Adirondacks, Aiden Lair, Arthur Schopenhauer, Dictionnaire Philosophique, Dr. W. Seward Webb, False Smerdis, Galileo Galilei, George Boole, Haslam, Hemingway, Henry Charles Bukowski, Meinongism, Michael Faraday, Michael Foucault, Nikola Tesla, Philosophical Dictionary, Quatrich, Roosevelt, Spinoza, Tactilism, Theodosius Grygovych Dobzhansky, Voynich Manuscript
The languages of The First Earth’s eastern hemisphere contain all the nouns of the Polynesian languages – and many others as well. It is no exaggeration to state that the classic culture of The First Earth was nihilistic; as were subsets of theology. I have said that the men of this previous Earth planet conceived the universe as a series of mental processes which do not develop in space but successively in time. Our Spinoza ascribes — to his inexhaustible divine axioms — the attributes of extension and thought. No one on The First Earth could understand the juxtaposition of the ﬁrst (which is typical only of certain mental states) and the second – which was a perfect synonym of the cosmos. In other words, they did not conceive that the spatial persists in time; or that the temporal persists in space. The perception of smoke on the horizon and then of the burning inner city and then of two-way racism (which produced the blaze) was considered an example of disassociation of ideas.
An anti-Nietzscheism or complete idealism invalidated all science. I believe a comparison is necessary.
If we Second Earthers contemplate a fact, we connect it with another fact; such linking appears to make the second fact subsequent to the first – which is not true – the second fact may be previous to the first.
Such linking, in The First Earth, was not a subsequent state of the subject but rather a simultaneous state. This did not – – and could not — affect or illuminate the previous sate. Every mental state was irreducible: the mere fact of naming it – i.e., of classifying it a fact – implied a falsiﬁcation. It can be deduced that there were no sciences on The First Earth, not logic nor reason. The paradoxical truth is that facts — and states of mind — did exist, and in almost uncountable number. The same thing happened with philosophies as happened with nouns in the western hemisphere. The fact that every philosophy was by deﬁnition a dialectical game (philosophies of the alpha to the omega) had caused philosophers to multiply (and conversely, a shortage of ink).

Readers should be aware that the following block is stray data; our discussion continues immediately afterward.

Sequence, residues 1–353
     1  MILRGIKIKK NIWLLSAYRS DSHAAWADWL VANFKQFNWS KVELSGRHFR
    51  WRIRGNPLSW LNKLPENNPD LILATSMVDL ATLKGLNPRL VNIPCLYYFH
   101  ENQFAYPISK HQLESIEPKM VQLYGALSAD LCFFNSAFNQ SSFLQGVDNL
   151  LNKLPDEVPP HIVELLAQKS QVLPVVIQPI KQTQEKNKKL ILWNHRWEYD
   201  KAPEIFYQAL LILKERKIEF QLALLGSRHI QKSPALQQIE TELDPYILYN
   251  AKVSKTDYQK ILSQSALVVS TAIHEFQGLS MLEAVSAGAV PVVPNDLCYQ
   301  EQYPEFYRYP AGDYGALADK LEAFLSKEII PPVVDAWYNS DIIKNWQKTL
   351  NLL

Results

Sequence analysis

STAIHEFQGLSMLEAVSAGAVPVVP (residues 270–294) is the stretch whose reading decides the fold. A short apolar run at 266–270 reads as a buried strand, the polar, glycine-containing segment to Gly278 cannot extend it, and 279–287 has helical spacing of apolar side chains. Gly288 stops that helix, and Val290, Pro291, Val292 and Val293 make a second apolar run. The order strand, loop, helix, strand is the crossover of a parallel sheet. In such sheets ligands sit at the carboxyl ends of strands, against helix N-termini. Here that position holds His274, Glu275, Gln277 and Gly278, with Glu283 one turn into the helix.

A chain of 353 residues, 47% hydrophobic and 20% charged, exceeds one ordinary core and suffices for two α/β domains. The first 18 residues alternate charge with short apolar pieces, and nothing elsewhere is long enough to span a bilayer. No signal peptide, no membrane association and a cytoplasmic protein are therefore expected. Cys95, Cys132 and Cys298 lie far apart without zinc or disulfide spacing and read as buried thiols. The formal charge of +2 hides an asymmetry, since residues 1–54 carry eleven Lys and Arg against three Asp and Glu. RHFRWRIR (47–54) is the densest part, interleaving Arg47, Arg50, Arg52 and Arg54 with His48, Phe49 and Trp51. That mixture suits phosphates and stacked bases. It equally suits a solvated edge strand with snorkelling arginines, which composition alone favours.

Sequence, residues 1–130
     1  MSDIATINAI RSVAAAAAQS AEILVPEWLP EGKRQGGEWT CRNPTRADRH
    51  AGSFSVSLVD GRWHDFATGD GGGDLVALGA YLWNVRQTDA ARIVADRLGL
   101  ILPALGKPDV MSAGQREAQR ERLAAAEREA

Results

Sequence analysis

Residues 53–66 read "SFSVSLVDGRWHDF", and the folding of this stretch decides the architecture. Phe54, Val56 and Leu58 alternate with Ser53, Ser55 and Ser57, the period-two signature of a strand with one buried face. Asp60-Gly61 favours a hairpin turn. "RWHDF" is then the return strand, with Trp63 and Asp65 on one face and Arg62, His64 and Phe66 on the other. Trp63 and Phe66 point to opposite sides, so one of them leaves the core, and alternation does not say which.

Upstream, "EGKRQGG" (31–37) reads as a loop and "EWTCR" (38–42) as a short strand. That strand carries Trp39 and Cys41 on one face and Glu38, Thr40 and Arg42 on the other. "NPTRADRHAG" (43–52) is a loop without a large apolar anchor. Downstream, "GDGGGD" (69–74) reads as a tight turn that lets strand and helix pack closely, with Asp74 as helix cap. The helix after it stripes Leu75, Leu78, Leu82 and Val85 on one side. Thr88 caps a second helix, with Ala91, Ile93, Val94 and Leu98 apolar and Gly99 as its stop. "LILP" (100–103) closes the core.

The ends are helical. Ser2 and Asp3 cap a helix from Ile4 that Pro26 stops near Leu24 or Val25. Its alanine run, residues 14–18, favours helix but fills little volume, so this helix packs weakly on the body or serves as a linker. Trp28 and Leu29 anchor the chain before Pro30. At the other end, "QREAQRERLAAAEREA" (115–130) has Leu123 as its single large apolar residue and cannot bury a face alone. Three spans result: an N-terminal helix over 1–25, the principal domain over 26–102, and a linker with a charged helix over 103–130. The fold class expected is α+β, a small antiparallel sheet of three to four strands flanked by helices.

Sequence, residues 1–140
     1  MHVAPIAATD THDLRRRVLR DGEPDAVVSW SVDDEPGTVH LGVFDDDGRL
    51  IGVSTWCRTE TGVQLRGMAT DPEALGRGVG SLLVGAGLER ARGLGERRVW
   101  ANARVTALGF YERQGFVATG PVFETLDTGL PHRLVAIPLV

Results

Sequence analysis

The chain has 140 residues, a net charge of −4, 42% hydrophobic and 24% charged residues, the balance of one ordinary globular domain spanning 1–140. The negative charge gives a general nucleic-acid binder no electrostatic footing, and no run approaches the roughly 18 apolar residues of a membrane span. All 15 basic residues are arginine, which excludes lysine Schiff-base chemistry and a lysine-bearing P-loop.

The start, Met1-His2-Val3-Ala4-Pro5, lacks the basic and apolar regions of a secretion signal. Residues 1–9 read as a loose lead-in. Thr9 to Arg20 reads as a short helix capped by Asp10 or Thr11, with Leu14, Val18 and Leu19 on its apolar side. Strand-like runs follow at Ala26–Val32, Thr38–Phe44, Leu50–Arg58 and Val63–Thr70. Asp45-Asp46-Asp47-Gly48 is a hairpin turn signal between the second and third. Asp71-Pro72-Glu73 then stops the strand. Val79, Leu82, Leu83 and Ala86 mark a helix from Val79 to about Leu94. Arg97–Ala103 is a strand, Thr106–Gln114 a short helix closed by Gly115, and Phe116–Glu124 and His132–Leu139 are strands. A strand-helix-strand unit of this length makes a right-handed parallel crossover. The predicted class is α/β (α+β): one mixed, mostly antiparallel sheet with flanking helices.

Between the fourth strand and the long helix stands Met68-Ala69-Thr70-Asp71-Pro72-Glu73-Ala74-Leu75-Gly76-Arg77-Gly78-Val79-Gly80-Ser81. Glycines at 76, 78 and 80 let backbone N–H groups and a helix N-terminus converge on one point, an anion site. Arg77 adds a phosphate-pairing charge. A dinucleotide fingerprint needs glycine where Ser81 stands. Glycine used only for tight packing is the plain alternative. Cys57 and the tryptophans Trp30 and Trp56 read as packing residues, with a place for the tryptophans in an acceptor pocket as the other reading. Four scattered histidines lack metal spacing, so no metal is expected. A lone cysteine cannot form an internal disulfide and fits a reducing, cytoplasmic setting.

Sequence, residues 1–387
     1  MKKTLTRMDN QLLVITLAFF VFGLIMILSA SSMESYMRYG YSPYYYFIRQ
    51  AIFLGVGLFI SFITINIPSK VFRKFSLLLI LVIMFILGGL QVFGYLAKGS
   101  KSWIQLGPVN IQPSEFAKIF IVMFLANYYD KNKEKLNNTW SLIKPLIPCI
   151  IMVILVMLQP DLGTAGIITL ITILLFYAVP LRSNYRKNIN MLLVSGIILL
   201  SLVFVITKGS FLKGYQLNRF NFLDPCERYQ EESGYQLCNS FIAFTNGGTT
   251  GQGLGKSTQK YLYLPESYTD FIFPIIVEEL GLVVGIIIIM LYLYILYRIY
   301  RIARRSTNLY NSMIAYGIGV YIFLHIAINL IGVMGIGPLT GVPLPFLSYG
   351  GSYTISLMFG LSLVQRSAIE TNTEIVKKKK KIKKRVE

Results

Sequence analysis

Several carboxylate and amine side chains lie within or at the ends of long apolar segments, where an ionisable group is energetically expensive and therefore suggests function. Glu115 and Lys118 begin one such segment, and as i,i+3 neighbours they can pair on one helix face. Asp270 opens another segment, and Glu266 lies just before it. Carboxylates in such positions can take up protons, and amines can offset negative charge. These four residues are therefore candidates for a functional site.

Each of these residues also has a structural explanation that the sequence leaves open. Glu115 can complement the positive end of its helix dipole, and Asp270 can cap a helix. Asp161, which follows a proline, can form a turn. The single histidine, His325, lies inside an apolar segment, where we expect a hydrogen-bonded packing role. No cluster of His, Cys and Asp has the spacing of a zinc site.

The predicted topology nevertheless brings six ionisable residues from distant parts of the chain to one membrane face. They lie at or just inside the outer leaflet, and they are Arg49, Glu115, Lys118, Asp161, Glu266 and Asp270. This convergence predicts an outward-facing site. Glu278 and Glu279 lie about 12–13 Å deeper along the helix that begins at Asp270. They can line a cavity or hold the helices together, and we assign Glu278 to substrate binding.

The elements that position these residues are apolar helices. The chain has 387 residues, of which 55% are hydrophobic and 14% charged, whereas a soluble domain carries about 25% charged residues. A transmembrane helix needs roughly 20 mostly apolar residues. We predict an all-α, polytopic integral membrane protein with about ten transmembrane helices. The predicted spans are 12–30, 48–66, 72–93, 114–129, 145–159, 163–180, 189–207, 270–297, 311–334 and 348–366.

Hemingway and I became engaged in several intellectual arguments over this. He thought that philosophical critique had no effect on the amount of ink that existed at any one time. I – on the other hand – offer this document as proof that the quantity of philosophers and the quantity of available ink is inversely proportional. Crimmins had no opinion on this matter.
There was an abundance of incredible systems of pleasing design or sensational type. The metaphysicians of The First Earth did not seek the truth — even for credibility — but rather for the effect of overwhelming the sheep. They judged that metaphysics was a branch of fantastic literature. They knew that a philosophical system was nothing more than the subordination of a power to will. Even the phrase “power to will” was rejected, for it supposed the impossible revaluation of the present and all past values. Neither was it permissible to use the plural “new values” since it supposed another philosophical system.
One of the schools of The First Earth went so far as to negate distance because it reasons that the cosmos is indeterminate and that the future had no reality other than as a prince-in-waiting. Another philosophy declared that all time was already transpired and that his life was only an imaginary curtain blowing in a false breeze.
This, no doubt falsiﬁed and mutilated the Self.
 Inventors of the Polynomial, the Polygraph, polysyllables, and the chimerical polymath term “infinite (∞).”